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GMR 2009: Goal 3: Promote Gender Equality and Empower Women

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Target:

  • Eliminate gender disparity in primary and secondary education, preferably by 2005, and in all levels of education no later than 2015
Most of the progress in achieving gender parity in education has been made at the primary school level, but regions such as East Asia and the Pacific, Europe and Central Asia, and Latin America and the Caribbean have had fairly good progress at all education levels. Female participation in the labor force has increased, but labor force participation rates, occupational levels, and wages reveal continuing significant gender gaps.

Gender disparity at primary and secondary education, by regions

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Gender disparity is measured by the ratio of girls to boys enrolled in primary and secondary schools. Most regions are on track to achieve this target by 2015.

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East Asia and the Pacific and Europe and Central Asia are close to reaching the gender parity target for all education levels. The Latin America and Caribbean region is well on track to achieve the target at the primary level, but gender bias against boys is apparent at the secondary and tertiary levels. Regions with higher primary and secondary gender parity ratios have exhibited better performance at the tertiary level. South Asia and Sub-Saharan Africa lag behind at all levels for this target, particularly at the tertiary level.

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Twenty-five of 27 countries for which data exist in Latin America and the Caribbean have achieved gender parity in primary and secondary education. Eighteen of 21 countries in Europe and Central Asia and 15 of 17 countries in East Asia and the Pacific with available data are on track or have achieved this target. In Sub-Saharan Africa, 20 of 37 countries for which data exist are not on track, and another 10 countries lack data. Ten of the 22 fragile states (for which data exist) are seriously off track, and only 6 have achieved the target. Combining primary and secondary education for some countries masks gender bias at either the primary or secondary level of education. This progress assessment also does not take into account the gender bias for boys, but male underenrollment is a concern in many countries, especially at the secondary level. The methodology for assessing this target is currently being revised.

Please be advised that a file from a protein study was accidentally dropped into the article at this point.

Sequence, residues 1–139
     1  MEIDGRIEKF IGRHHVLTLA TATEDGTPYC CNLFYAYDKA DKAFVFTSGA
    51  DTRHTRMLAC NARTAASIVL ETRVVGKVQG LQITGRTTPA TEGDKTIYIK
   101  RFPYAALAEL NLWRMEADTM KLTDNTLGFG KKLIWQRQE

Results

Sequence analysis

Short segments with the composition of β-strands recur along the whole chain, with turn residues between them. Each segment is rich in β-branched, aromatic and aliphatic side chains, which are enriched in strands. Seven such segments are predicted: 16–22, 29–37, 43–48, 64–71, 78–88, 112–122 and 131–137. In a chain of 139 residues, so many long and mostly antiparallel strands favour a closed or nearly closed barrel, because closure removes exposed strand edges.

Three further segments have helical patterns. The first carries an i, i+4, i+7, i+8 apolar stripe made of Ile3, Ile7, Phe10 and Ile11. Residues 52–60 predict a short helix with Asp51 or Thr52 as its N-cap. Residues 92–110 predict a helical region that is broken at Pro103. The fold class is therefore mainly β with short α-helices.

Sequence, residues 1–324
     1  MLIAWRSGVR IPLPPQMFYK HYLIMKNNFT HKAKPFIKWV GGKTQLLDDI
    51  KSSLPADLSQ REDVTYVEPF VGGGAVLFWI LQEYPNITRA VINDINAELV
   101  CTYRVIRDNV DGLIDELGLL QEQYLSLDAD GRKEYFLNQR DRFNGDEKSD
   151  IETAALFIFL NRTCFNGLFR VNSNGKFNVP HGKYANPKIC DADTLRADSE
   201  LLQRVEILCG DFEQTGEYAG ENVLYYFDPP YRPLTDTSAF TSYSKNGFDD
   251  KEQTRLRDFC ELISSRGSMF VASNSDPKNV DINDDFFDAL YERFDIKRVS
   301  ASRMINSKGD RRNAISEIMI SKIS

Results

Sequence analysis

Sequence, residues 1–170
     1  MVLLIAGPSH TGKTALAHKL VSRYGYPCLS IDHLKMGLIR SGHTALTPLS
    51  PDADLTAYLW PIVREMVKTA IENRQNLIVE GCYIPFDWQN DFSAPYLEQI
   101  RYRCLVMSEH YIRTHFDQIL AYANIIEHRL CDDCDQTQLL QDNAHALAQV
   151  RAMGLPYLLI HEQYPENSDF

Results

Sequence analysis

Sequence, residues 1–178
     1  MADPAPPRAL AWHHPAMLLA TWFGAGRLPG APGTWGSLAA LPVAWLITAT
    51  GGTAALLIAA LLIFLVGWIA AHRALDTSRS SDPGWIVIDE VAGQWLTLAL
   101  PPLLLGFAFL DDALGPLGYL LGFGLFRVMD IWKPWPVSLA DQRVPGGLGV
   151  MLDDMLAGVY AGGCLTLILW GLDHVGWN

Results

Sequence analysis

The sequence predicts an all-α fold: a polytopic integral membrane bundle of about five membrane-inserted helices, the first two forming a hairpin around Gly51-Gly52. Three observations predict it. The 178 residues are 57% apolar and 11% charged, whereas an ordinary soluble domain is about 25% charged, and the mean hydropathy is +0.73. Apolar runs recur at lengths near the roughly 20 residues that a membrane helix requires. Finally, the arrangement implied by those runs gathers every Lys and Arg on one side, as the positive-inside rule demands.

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The total labor force participation rate measures the proportion of the population between ages 15 and 64 that is economically active, employed, or actively seeking a job, while the share of females in total employment shows the extent to which women are active in the labor force. The percentage of females in the labor force is below 50 percent for all regions and is lowest in the Middle East and North Africa and in South Asia. South Asia showed no improvement in the ratio from 1990 to 2006, while several regions had slightly lower ratios in 2006 than in 1990. The only regions to show improvements were the Middle East and North Africa and Latin America and the Caribbean.

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The Enterprise Surveys indicate that about half of the firms in East Asia and the Pacific have female participation in ownership, compared to only 13 percent in South Asia and 18 percent in the Middle East and North Africa. The percentage of women in senior positions is far smaller, ranging from only 2 percent in South Asia to 13 percent in Latin America and the Caribbean.

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